"It’s very difficult to beat the market when you are the market” is an old financial saying. “And since they are the market, they cannot better the market” was written in 1972 by Associated Press Business Analyst John Cunniff about institutional investors. “Pension funds cannot beat the market—they are the market” was written by Peter Drucker (1909-2005) in The Pension Fund Revolution (1976).
“It is mathematically impossible for the thirty million viewers of this show (Wall Street Week—ed.) to beat the market, since they are the market” was said in 1996 by William J. Bernstein.
Google News Archive
15 February 1972, St. Petersburg (FL) Independent, “Business Mirror: The Pros Can’t Beat The Market” by John Cunniff (AP Business Analyst), pg. 8-A, col. 1:
Why don’t the institutions do better? One explanation lies in the makeup of the market, and it behooves every small investor to understand it. On some days, 70 per cent of all trading on the New York Stock Exchange is by institutions.
This means that when one institution makes a gain it often is at the expense of another. On such days, they are “the market as a whole.” And since they are the market, they cannot better the market.
The Pension Fund Revolution
By Peter Drucker
New York, NY: Harper & Row
Indeed, what American asset management suffers from today is “excess of competition.” It has become so competitive and so volatile that the participants outdo each other (Pg. 71—ed.) in promising miracles to “beat the market” and to “beat inflation.” Both are, of course, impossible. Pension funds cannot beat the market—they are the market.
24 August 1980, Sunday Advocate (Baton Rouge, LA), “Pension funds major factor in economy” by Martin Baron (Los Angeles Times), pg. 8-C, col. 4:
It may become increasingly difficult for pension funds to do better than the market’s median rate of return. As Drucker put it in his book, “Pension funds cannot beat the market—they are the market.”
Efficient Frontier by William J. Bernstein
The Basics of Investing and Portfolio Theory (1996)
A few words are necessary concerning Lou Rukeyser’s Wall Street Week, the most widely followed piece of financial media. To quote Bernard Baruch, “something that everyone knows isn’t worth knowing.” Studies show that your long term investment returns will be almost entirely dependent on your allocation of assets among broad asset categories. Mr. Rukeyser instead concentrates almost exclusively on stock picking and market timing. To the unsophisticated investor this may seem useful. In fact, however, long term success in the former is rare, in the latter nonexistent. It is mathematically impossible for the thirty million viewers of this show to beat the market, since they are the market. The same applies to Barrons, Forbes, Money, Kiplinger’s, and all newsletters. It goes double for Dan Dorfman.
109235 03-19-2012, 5:21 PM | Post #3218853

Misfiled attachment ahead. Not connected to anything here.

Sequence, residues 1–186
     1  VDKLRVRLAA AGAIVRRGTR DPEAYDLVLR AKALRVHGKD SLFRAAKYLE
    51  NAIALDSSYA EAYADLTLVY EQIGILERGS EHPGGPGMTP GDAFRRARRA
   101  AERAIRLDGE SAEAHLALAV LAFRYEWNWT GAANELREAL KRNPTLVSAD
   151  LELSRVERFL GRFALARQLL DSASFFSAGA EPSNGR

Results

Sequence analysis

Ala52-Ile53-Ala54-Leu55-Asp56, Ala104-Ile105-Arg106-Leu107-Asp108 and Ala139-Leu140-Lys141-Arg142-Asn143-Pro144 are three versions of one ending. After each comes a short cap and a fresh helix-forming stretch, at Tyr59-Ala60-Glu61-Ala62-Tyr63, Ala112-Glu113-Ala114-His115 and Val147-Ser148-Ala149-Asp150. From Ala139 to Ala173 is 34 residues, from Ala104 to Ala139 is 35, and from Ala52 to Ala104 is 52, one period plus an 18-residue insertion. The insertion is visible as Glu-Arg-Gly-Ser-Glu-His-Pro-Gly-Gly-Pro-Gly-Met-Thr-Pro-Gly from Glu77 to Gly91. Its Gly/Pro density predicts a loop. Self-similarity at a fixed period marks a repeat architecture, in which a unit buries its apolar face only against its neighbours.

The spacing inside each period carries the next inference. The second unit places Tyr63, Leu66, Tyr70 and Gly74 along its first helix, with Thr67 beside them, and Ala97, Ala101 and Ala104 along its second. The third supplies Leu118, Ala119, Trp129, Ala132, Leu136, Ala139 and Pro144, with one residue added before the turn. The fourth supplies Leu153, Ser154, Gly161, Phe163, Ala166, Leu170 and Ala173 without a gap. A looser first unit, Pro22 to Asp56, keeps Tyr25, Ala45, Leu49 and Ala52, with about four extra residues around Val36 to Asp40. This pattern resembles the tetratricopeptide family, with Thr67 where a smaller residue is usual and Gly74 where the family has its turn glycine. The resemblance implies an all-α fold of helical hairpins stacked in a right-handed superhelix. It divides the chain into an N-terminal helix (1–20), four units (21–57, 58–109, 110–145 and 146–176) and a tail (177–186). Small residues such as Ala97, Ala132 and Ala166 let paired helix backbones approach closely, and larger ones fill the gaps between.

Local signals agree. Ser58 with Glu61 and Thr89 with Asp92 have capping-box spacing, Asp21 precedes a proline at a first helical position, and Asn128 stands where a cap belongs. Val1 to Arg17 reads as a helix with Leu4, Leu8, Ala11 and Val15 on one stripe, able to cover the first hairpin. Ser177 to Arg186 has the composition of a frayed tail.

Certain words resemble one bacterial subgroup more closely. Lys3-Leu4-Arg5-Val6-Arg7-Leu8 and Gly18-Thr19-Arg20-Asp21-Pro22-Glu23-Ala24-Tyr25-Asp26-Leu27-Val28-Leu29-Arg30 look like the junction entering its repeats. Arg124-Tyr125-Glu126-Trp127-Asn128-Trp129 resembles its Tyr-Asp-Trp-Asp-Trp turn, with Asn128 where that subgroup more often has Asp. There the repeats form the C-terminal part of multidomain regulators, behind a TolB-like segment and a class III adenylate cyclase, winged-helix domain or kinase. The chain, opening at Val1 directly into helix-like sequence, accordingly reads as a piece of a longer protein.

Outstanding article. We have a saying around here that its tough to beat the market when you ARE the market. The size of some of the largest AF offerings is approaching closet indexing, and partly responsible for the style shift over the years, such as 15-25% international stocks in funds such as the Growth Fund of American, Fundamental Investors, etc. When you are that huge, you have to go somewhere with new money, but if it makes you a global fund, you need to account for that if managing a portfolio.
Gross Losing to Himself as ETF Avoids Gridlock
By Lisa Abramowicz July 06, 2012
“It’s very difficult to beat the market when you are the market,” said Bonnie Baha, head of global developed credit at Los Angeles-based DoubleLine Capital LP, which oversees $38 billion. “Any choices you make will have an outsized impact when you’re smaller and more nimble. It stands to reason that there will be more opportunities that you can take and fly below the radar.”
The Motley Fool
“Where Are the Customers’ Yachts?” 2013 Edition
By Morgan Housel
May 31, 2013
But the fact remains: The huge majority of professionally managed funds will bow down to a brainless index fund over time. And it’s only getting worse. So few professional funds existed in 1970 that most could, in theory, outperform the market. Today the industry is so large that it’s a mathematical impossibility—most funds can’t beat the market because they effectively are the market.
When you are the market you can’t beat the market. ~ Lynn Stout #RHT
9:14 AM - 30 Oct 2013
Bond King Bill Gross Departs for Realm of the Unknown
By Sheelah Kolhatkar October 02, 2014
Even for observers accustomed to surprises from Bill Gross, the news that he had suddenly quit Pacific Investment Management Co. and agreed to join Janus Capital Group (JNS) was a shock.
With that much money to deploy, even Gross found it hard to move nimbly, and the fund’s returns started to fall off—as the old joke goes, it’s hard to beat the market when you are the market.
New York City • Banking/Finance/Insurance • Thursday, October 02, 2014 • Permalink